“It’s critical that the 2048 initiative is not the initiative of religious people, of secular people, of right-wing, left-wing, Ashkenazim, Mizrahim. It’s everybody together,” he said. “If you want Israel to have a second great century … we have to work on it. And we have to work at it by talking to one another, about real solutions.”
Oren spoke with the Jewish Independent about how he thinks Israel will ease challenges to aliyah.
“What shocked me is that large segments of the population are no longer interested in large-scale aliyah,” he said. “I couldn’t get people in Israel and [in the] Israeli government to be very interested in encouraging aliyah from France.”
The predominant reason for this lack of interest in welcoming new immigrants from France or any other country in the Diaspora, he said, is that Israelis are becoming increasingly angry at how the many costs of new olim (immigrants) are offset by the state.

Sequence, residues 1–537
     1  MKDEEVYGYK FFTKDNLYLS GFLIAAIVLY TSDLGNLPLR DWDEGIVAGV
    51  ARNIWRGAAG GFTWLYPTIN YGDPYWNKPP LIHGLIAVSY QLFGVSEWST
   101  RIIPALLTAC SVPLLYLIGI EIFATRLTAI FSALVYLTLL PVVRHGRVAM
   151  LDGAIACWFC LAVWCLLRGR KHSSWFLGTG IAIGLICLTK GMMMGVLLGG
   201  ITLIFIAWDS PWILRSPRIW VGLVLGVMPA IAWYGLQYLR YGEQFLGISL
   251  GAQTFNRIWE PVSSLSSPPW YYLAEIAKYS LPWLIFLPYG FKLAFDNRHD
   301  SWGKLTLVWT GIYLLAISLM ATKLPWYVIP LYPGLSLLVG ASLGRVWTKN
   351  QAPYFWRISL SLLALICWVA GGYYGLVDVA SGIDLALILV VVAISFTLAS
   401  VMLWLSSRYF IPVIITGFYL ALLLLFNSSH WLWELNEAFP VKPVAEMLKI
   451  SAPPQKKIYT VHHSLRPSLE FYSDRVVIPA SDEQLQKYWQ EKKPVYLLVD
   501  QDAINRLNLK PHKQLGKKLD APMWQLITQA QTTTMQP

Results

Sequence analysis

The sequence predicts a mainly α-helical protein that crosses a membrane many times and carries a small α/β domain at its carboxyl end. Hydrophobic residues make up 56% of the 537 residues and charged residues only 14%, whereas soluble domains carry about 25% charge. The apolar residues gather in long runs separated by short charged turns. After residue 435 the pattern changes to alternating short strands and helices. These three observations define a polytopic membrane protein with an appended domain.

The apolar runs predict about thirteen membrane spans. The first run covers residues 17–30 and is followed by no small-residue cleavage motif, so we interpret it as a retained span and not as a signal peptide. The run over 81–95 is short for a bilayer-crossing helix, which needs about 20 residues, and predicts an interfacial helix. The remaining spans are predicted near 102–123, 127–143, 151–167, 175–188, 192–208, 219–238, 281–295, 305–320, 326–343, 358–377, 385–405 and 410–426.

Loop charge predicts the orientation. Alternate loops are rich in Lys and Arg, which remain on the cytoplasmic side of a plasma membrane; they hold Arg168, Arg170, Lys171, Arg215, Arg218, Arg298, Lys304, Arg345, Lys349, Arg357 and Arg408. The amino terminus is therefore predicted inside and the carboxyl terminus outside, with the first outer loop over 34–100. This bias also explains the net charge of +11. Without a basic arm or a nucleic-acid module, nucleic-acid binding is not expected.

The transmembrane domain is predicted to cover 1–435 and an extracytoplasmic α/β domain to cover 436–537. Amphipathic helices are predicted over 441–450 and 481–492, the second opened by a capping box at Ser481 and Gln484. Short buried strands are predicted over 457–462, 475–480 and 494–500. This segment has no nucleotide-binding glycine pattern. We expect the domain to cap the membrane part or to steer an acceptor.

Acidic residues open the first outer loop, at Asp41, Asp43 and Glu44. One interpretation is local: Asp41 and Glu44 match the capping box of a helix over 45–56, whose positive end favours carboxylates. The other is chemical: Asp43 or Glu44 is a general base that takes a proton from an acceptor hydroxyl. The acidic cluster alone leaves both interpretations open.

“This is going to play out now with Russia and Ukraine as well,” he noted. “So, while everyone’s focused on the grandfather clause [of the Right of Return], I asked a deeper question: to what degree is aliyah still a central tenet of our raison d’être of the Jewish people? Because, from my perspective, if we are not encouraging large-scale aliyah, we’ve lost a big sense of why we are here. And I see this as a danger.”
The largest section of Oren’s new book, however, deals with the Palestinians. Oren said he was involved in one way or another with “every peace initiative since 1993.”
On another topic, Oren noted that Benny Gantz, then-minister of defence, proposed a solution to the Iranian threat: “force our international partners” into offering “military intelligence and diplomatic cooperation.”
“Our actions must be preventative, before it is too late,” said Oren.
On a tour of the Tz’elim IDF base, a 10-minute drive from Gaza, Gen. Bentzi Gruber spoke about the ethics of combat, stressing that the army makes enormous effort to minimize innocent casualties. In contrast, he said, only two Hamas rockets hit the base, while thousands hit civilian areas.
Gruber added that he fights a psychological battle, too.
“I fight all my previous wars every night in my sleep. My wife wakes me up when I’m yelling,” said the deputy commander of the IDF armoured division. “Every soldier that fought in a war carries the scars with them. If you killed a terrorist or a civilian, that never leaves you.”